Note to publishers: Make your CDs platform-independent!

I just finished a post about the problems I'd had getting a Windows XP virtual machine to run on OpenSUSE. The only reason I even gave this much thought, though, is because I had new load of textbooks delivered this week with some great supplemental materials on CD.

I just finished a post about the problems I'd had getting a Windows XP virtual machine to run on OpenSUSE. The only reason I even gave this much thought, though, is because I had new load of textbooks delivered this week with some great supplemental materials on CD. Of course, the supplemental materials weren't just HTML and PDF. Nope, the CD-ROMs contained full-blown Windows-only applications that are just too handy to pass up, simply because I've turned into a Linux geek. So I'll be sorting out my virtual machine problems sooner than later.

However, it really begs the question, why not just include a rich Internet application on the disk? Or files to install on a web server? Or straight HTML, Javascript, etc., that can be run on any CD-ROM, whether it's installed on a Mac, Linux box, or a brand new Vista desktop? Interactive testing applications, for example, don't require a Visual Basic application to administer. Quite frankly, I'd prefer something less interactive and pretty and something more functional on a variety of platforms.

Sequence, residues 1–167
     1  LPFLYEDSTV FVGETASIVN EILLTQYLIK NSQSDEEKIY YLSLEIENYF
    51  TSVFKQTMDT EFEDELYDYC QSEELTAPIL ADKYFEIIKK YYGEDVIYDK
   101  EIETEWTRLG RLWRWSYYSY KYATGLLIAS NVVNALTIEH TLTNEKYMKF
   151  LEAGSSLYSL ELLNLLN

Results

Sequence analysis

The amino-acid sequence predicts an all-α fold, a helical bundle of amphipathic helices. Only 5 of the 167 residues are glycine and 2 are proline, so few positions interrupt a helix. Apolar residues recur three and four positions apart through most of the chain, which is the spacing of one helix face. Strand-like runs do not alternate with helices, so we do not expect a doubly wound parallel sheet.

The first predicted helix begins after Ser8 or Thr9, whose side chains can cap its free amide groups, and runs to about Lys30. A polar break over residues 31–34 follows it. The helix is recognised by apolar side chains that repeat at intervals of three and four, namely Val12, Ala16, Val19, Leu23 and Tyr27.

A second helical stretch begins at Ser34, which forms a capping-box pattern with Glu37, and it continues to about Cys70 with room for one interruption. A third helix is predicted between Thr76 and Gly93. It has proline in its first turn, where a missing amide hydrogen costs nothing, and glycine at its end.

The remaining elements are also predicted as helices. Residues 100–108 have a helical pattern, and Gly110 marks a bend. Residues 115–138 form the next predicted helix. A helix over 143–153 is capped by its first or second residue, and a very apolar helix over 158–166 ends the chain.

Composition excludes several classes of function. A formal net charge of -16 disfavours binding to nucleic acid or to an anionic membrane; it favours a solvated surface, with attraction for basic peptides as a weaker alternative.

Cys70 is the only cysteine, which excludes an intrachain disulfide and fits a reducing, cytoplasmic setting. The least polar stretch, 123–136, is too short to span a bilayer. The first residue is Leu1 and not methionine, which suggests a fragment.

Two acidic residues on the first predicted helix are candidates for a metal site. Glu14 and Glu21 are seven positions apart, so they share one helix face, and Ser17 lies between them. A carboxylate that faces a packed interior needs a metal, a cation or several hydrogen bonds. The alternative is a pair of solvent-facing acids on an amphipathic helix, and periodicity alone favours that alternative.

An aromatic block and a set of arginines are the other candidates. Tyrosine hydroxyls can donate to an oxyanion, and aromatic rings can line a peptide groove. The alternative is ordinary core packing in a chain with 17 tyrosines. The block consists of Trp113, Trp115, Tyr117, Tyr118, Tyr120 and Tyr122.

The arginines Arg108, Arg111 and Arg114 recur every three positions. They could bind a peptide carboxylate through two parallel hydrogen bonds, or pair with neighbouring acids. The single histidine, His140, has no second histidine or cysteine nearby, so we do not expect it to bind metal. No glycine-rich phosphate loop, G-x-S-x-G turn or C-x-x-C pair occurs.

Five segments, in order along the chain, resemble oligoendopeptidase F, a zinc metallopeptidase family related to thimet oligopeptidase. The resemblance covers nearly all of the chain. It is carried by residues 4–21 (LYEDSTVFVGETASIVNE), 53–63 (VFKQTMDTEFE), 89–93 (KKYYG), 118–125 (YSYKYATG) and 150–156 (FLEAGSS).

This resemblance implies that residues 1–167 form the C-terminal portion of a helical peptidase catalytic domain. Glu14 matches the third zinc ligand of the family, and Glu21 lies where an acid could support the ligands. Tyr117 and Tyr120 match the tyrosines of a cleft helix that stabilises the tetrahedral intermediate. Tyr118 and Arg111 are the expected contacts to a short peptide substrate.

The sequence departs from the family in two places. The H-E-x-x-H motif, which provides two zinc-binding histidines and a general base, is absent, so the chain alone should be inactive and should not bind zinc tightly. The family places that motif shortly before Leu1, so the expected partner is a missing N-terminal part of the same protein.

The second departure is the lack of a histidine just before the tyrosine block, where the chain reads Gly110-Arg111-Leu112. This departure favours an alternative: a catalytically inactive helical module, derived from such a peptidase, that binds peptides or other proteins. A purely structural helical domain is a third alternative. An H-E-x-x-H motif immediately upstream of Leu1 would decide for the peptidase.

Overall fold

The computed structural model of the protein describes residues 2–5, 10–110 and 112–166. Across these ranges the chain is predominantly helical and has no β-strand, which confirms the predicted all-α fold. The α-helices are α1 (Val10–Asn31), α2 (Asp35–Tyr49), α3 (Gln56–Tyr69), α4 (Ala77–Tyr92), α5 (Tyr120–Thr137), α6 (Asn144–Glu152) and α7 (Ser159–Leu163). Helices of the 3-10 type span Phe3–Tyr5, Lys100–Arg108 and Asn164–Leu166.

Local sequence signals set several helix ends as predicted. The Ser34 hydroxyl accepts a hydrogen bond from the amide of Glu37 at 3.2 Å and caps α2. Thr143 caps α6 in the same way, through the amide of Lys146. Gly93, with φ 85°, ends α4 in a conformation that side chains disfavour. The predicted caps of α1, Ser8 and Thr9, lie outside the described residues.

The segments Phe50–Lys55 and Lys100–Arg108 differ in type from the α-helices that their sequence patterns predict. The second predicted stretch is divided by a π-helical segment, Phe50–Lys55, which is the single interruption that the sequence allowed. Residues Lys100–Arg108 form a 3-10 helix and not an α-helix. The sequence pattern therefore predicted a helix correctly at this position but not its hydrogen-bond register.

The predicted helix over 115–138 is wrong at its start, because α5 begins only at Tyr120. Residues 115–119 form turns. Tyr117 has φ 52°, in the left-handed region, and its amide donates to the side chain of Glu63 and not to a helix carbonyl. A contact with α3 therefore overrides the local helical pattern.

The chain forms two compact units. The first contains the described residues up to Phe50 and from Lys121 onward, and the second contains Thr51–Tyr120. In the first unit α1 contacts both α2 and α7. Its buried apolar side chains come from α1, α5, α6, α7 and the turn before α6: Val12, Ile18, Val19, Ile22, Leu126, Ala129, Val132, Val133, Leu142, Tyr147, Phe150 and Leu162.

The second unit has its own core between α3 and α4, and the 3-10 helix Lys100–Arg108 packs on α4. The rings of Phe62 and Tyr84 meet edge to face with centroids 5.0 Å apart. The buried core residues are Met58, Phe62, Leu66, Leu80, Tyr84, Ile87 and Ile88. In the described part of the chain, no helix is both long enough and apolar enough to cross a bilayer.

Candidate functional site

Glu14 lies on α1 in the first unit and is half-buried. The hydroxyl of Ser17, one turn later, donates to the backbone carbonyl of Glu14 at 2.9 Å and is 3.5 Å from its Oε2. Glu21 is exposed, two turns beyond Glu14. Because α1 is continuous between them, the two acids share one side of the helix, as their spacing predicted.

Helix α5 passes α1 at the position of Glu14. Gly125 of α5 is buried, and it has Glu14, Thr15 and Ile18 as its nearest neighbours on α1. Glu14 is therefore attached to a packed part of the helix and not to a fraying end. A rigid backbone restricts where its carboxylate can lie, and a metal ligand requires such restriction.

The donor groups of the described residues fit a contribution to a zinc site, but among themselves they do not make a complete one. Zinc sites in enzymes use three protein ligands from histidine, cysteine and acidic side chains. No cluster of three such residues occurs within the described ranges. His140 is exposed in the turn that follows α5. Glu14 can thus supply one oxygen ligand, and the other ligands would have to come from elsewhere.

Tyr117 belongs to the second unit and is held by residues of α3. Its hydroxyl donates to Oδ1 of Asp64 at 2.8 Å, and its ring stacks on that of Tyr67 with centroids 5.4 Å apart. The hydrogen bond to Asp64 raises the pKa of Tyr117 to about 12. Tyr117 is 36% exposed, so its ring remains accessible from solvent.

Believe it or not, I'm not the only one who's thinking about using something other than Windows in secondary education. I might not say nice things about Macs all the time, but my affinity for Linux aside, there are other platforms out there. Open source operating systems, being free (at least in terms of initial cost) and not tied to any specific vendor, are also remarkably attractive in Ed Tech and becoming more so as they mature.

Lenovo will be offering SLED pre-installed later this year on one of it's enterprise Thinkpad lines and it's only a matter of time before Dell rolls out enterprise sales of its Ubuntu machines. Other first-tier vendors will follow suit. Even the OLPC, whatever its flaws, runs an open source OS, as do its emerging competitors. Any chance these might need to run software published with a textbook? Ed tech is no longer a Windows world, any more than it is any longer a Mac world. Publishers need to wake up and create supplementary materials accordingly.